Once the war is over, though, the Gurlitt family comes into sharper focus. This is a complicated and multilayered issue, and Lane spends time peeling back the different lies that Hildebrand Gurlitt told himself, his family, and the Monuments Men, as one would pull apart an onion. She isn’t shy in calling Gurlitt, who was a quarter Jewish himself, a war profiteer whose double dealings and hoarding allowed his wife and children to live very comfortably off the assets he had accumulated after his death in 1956.

This inherited hoard ended up creating rifts within the Gurlitt family, as they continued to live off selling art, mostly in the Swiss art market, where the profits could be kept in a Swiss bank account. In 2010, Cornelius Gurlitt, now elderly and suffering from heart disease, was discovered carrying thousands of Euros on him while traveling home from Zurich to Munich, which tipped off the German tax authorities. This led to the discovery of the art hoard, which the German government intially seized in the interest of taxing the entire lot. It took a full two years for the authorities to even acknowledge that the find might contain stolen art, and even longer for any families to get any kind of return or resititution.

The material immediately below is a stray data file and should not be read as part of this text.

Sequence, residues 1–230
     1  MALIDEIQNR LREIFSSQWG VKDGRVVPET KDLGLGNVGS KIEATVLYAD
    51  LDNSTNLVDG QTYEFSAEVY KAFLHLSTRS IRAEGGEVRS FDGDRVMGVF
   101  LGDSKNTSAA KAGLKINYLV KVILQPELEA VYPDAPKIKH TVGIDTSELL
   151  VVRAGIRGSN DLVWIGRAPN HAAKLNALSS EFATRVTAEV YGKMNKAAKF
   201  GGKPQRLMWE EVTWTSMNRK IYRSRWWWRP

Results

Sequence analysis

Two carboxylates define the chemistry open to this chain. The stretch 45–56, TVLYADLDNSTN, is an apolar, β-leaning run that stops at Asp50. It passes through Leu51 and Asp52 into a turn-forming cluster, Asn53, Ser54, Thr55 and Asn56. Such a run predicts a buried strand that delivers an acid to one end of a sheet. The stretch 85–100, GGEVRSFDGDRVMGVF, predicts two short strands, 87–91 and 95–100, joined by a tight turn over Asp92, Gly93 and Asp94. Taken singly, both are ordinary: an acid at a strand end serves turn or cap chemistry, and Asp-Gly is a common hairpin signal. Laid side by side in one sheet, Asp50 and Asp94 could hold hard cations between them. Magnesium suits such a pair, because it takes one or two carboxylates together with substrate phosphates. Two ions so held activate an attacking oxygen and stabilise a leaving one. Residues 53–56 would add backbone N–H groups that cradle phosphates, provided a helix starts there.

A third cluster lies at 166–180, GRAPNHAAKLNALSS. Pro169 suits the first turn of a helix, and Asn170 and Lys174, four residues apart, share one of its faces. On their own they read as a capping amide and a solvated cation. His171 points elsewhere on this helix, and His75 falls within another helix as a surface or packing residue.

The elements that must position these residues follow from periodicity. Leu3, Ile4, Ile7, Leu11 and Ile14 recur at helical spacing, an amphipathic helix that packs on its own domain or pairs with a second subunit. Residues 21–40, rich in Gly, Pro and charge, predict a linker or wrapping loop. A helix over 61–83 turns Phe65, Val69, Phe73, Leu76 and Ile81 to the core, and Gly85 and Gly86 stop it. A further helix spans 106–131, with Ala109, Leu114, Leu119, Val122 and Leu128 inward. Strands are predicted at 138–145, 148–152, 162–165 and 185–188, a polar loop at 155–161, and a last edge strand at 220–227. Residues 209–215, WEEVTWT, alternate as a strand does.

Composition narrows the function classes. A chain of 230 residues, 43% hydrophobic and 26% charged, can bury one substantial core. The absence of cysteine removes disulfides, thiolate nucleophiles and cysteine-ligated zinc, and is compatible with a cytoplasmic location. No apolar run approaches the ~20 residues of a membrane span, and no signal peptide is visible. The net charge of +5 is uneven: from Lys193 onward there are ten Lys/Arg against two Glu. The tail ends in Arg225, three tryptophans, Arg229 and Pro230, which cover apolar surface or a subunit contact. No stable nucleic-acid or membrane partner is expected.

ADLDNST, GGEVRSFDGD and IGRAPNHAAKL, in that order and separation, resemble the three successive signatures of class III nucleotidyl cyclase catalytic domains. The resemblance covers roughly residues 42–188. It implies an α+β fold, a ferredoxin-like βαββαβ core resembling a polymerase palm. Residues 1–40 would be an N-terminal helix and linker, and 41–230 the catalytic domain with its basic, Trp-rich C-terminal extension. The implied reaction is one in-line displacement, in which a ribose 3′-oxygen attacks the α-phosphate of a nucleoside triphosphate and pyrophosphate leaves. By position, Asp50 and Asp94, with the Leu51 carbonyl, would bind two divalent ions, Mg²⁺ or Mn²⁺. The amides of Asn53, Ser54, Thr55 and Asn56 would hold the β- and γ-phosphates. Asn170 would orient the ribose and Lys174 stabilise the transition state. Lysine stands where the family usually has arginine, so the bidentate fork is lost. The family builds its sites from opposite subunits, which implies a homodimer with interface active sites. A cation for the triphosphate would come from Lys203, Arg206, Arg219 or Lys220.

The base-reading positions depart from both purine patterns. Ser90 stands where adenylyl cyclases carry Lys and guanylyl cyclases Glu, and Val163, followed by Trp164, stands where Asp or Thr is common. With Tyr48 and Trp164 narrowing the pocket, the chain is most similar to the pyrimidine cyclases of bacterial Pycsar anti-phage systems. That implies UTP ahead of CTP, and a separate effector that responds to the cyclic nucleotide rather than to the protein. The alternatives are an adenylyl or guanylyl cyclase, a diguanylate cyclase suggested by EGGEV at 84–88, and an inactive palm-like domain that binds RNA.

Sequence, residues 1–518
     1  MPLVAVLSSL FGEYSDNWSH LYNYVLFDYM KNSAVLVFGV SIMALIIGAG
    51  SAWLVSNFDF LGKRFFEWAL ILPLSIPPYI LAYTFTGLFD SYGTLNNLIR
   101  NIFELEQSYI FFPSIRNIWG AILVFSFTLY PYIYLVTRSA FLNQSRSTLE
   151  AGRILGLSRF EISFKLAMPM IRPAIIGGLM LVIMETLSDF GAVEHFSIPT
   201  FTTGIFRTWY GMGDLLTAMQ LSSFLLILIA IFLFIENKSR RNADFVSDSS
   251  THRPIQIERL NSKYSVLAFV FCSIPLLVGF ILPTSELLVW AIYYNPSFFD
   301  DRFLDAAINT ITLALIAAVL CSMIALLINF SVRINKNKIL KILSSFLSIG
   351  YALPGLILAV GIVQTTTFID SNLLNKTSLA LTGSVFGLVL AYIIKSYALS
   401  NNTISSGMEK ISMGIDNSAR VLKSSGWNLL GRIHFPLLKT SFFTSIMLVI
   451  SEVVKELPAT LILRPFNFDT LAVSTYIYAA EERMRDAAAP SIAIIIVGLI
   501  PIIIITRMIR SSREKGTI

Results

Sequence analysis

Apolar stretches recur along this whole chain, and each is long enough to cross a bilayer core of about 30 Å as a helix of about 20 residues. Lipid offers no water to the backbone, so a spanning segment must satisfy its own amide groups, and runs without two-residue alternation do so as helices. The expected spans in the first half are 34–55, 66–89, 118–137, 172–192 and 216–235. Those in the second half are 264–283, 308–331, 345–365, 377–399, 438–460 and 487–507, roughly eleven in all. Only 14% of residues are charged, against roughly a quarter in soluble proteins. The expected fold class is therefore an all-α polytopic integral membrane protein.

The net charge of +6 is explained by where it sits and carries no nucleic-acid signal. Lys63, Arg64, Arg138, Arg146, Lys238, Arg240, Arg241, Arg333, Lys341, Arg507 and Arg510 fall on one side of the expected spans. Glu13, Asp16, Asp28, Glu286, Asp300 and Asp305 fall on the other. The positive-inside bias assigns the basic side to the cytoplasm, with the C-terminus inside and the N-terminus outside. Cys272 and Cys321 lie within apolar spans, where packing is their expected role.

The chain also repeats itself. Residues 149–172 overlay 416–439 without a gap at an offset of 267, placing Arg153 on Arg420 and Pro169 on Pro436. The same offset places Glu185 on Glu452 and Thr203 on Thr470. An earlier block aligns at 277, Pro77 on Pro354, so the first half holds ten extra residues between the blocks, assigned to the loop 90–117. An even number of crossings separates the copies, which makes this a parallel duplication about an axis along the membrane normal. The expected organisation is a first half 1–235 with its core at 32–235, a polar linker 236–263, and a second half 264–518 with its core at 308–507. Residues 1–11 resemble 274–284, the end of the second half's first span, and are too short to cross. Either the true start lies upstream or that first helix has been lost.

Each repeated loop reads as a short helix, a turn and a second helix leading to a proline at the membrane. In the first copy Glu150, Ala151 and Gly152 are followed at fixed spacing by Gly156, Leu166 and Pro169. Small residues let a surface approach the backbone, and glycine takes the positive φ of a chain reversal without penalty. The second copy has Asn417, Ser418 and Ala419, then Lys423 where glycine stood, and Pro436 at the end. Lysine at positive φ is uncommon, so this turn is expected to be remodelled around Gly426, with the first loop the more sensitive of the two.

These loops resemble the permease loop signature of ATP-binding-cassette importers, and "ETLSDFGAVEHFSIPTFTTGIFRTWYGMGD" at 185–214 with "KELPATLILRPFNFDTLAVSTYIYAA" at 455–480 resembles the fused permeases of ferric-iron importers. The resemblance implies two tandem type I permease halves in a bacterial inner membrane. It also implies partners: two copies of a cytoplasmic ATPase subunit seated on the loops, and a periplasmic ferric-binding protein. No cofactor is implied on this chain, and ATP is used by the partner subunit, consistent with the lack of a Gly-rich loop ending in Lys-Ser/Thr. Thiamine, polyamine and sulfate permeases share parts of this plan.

Lane is harshly critical of the current German government’s inability to deal with the idea that they owed Jewish families any consideration in returning stolen art. As she writes: